Powerful donors managed to oust Claudine Gay from Harvard. But at what cost?
asks Robert Reich in The Guardian.
The political cost is very high, in various respects and on various levels. But in the meantime, Claudine Gay, the African American president of the most important US university, has personally made clear the terms of the story in which she was the protagonist, and which ultimately overwhelmed her.
In an editorial in the New York Times she writes:
On Tuesday, I made the wrenching but necessary decision to resign as Harvard’s president. For weeks, both I and the institution to which I’ve devoted my professional life have been under attack. My character and intelligence have been impugned. My commitment to fighting antisemitism has been questioned. My inbox has been flooded with invective, including death threats. I’ve been called the N-word more times than I care to count.
…The campaign against me was about more than one university and one leader. This was merely a single skirmish in a broader war to unravel public faith in pillars of American society. Campaigns of this kind often start with attacks on education and expertise, because these are the tools that best equip communities to see through propaganda. But such campaigns don’t end there. Trusted institutions of all types — from public health agencies to news organizations — will continue to fall victim to coordinated attempts to undermine their legitimacy and ruin their leaders’ credibility. For the opportunists driving cynicism about our institutions, no single victory or toppled leader exhausts their zeal.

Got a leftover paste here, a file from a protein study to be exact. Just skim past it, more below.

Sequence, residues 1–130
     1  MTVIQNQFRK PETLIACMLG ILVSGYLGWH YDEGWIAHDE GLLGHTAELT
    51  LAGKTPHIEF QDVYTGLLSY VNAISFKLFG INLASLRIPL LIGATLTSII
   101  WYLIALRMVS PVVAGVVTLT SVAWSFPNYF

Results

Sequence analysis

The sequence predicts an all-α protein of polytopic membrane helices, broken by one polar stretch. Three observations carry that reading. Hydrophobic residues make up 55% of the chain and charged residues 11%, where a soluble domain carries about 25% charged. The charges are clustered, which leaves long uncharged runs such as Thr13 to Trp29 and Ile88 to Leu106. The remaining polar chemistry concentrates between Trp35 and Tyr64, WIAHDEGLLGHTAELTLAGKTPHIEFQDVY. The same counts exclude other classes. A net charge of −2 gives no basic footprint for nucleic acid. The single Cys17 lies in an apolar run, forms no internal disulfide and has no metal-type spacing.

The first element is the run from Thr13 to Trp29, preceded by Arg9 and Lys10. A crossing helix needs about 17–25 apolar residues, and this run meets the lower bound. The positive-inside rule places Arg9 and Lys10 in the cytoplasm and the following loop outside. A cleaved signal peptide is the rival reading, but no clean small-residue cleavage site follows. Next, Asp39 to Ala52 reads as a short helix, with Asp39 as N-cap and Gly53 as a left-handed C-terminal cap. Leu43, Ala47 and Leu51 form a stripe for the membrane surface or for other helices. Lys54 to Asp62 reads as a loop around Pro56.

Yes, I made mistakes. In my initial response to the atrocities of Oct. 7, I should have stated more forcefully what all people of good conscience know: Hamas is a terrorist organization that seeks to eradicate the Jewish state. And at a congressional hearing last month, I fell into a well-laid trap. I neglected to clearly articulate that calls for the genocide of Jewish people are abhorrent and unacceptable and that I would use every tool at my disposal to protect students from that kind of hate.
Most recently, the attacks have focused on my scholarship. My critics found instances in my academic writings where some material duplicated other scholars’ language, without proper attribution. I believe all scholars deserve full and appropriate credit for their work. When I learned of these errors, I promptly requested corrections from the journals in which the flagged articles were published, consistent with how I have seen similar faculty cases handled at Harvard.
…Despite the obsessive scrutiny of my peer-reviewed writings, few have commented on the substance of my scholarship, which focuses on the significance of minority office holding in American politics. My research marshaled concrete evidence to show that when historically marginalized communities gain a meaningful voice in the halls of power, it signals an open door where before many saw only barriers. And that, in turn, strengthens our democracy.